USA Ban Microbeads in Cosmetics
President Barack Obama has signed into law a bill banning the sale or distribution of cosmetic products containing plastic microbeads. The bipartisan HR 1321 mandates the phase out to begin on 1 July 2017.
The House and the Senate passed the Microbead-Free Waters Act unanimously. The measure – introduced by House Energy and Commerce Committee Chairman Fred Upton and Ranking Member Frank Pallone – also bans the use of biodegradable plastics as an alternative ingredient. Mr Pallone said this was a “loophole that has been discovered in a number of existing state laws."
The new law bans the U.S. manufacture of personal-care products such soaps, body washes, toothpaste and similar products from containing microbeads, which are usually made of polyethylene, as of July 1, 2017, and the sale of products containing microbeads, imported or domestic, as of July 1, 2019. It also defines “microbead” as “any solid plastic particle that is less than 5 millimeters in size.” The Act also preempts state laws that ban or phase out microbeads. Several states and counties, including California, have already passed bans.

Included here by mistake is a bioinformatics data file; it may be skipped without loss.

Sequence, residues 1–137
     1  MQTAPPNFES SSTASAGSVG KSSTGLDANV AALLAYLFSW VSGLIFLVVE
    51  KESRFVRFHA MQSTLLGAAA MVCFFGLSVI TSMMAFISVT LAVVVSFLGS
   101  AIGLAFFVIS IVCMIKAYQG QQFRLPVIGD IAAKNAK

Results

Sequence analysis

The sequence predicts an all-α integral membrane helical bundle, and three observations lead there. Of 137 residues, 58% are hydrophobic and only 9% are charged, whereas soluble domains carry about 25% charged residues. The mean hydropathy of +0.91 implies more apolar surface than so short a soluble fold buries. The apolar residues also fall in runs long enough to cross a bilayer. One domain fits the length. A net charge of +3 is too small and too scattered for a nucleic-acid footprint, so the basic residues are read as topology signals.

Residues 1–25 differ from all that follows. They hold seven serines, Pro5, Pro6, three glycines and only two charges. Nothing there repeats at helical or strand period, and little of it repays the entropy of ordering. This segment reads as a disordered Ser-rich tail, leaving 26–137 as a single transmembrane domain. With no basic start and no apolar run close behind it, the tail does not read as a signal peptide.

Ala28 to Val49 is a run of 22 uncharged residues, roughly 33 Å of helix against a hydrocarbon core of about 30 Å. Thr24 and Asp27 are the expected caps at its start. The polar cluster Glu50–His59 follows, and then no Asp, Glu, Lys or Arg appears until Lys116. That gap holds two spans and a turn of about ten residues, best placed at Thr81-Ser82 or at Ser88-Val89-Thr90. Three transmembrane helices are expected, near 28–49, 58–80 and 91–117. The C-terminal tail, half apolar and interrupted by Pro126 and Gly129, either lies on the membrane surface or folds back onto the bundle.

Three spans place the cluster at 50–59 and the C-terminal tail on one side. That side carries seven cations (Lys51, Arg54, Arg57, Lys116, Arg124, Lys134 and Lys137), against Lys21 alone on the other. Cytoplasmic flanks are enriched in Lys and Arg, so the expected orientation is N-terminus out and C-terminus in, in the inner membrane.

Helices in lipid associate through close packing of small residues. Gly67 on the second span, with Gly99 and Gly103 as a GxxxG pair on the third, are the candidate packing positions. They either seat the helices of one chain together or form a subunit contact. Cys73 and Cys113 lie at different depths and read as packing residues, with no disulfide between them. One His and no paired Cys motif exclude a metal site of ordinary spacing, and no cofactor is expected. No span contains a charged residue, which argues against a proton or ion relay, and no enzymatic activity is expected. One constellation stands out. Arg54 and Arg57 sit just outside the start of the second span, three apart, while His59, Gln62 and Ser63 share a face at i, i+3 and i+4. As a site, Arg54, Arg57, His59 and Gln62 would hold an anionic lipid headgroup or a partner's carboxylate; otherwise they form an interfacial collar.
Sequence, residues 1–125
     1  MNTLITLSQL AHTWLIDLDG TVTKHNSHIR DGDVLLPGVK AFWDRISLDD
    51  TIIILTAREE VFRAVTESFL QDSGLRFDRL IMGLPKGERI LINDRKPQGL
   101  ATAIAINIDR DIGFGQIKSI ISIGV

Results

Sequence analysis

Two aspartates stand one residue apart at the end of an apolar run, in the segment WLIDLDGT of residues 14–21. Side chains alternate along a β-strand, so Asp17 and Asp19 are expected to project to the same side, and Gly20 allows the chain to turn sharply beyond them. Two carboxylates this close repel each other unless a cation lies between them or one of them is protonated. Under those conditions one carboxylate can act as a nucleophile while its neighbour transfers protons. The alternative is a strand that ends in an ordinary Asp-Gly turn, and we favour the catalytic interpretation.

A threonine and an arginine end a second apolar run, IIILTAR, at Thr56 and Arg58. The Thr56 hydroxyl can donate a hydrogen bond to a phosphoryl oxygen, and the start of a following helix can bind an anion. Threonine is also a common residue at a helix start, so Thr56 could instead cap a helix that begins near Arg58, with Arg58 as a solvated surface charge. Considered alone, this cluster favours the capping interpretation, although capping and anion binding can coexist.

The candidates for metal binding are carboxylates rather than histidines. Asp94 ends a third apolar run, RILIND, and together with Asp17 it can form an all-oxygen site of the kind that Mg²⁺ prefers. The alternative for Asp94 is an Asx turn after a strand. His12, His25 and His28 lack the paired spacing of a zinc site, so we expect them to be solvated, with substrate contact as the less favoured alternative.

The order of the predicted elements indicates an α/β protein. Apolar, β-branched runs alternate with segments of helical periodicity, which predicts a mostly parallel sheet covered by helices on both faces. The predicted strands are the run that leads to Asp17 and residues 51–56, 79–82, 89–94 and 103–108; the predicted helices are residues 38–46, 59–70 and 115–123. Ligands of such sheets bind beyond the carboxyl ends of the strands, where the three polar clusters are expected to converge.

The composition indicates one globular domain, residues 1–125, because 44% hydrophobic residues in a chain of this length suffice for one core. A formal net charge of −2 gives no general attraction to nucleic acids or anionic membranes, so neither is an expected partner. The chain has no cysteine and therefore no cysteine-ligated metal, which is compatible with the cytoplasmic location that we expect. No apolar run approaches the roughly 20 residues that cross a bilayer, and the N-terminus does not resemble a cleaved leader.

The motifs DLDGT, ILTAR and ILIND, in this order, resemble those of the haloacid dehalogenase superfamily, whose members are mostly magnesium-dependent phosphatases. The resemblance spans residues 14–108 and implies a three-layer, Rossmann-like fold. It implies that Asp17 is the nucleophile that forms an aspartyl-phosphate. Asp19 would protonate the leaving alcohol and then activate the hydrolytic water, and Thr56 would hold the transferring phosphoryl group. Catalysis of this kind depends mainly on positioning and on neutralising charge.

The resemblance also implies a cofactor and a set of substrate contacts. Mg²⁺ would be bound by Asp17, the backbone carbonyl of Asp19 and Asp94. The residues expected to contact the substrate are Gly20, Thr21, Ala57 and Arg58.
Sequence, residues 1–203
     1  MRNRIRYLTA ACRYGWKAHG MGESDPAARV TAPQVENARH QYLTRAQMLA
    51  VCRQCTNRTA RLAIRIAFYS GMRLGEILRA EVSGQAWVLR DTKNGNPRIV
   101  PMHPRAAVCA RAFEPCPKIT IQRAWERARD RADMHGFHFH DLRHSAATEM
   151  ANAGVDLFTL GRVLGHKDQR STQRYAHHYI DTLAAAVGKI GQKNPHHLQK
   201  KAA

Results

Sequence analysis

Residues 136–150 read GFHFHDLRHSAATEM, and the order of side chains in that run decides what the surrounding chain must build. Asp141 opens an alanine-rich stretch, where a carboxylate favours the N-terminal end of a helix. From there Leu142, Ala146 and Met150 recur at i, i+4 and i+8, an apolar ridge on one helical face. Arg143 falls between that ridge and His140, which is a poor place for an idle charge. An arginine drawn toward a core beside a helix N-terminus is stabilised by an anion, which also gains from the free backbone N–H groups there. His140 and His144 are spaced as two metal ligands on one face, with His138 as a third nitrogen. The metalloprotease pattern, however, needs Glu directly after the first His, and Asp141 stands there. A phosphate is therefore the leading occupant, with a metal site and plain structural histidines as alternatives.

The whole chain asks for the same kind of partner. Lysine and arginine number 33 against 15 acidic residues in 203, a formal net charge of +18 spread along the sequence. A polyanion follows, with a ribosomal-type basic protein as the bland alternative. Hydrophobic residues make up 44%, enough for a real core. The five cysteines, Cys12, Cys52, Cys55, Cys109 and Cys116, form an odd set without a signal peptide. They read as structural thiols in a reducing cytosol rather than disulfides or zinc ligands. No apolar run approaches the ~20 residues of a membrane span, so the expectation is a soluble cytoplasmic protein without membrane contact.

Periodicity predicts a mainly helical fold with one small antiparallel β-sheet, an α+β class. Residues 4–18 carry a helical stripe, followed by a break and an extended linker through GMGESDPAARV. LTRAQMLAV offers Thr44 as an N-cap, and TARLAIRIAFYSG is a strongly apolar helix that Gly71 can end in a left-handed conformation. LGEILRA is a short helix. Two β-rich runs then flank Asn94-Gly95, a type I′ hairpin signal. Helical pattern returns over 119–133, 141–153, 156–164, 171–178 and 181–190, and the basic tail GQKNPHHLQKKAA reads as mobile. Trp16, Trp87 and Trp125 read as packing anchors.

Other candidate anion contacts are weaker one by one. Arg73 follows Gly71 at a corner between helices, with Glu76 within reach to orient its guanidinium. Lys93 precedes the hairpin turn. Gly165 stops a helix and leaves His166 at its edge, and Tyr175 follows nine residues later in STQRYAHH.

Microbeads are tiny bits of plastic, often used as exfoliants in personal care products like face wash and toothpaste. They can slip through water treatment systems when washed down the drain and make their way through water filtration systems. As a result, they often end up in streams, rivers and larger bodies of water. The American Chemistry Council (ACC) said the law is an “important step to ensure there is one sensible, national standard to phase out solid-plastic microbeads from rinse-off personal care products across America."
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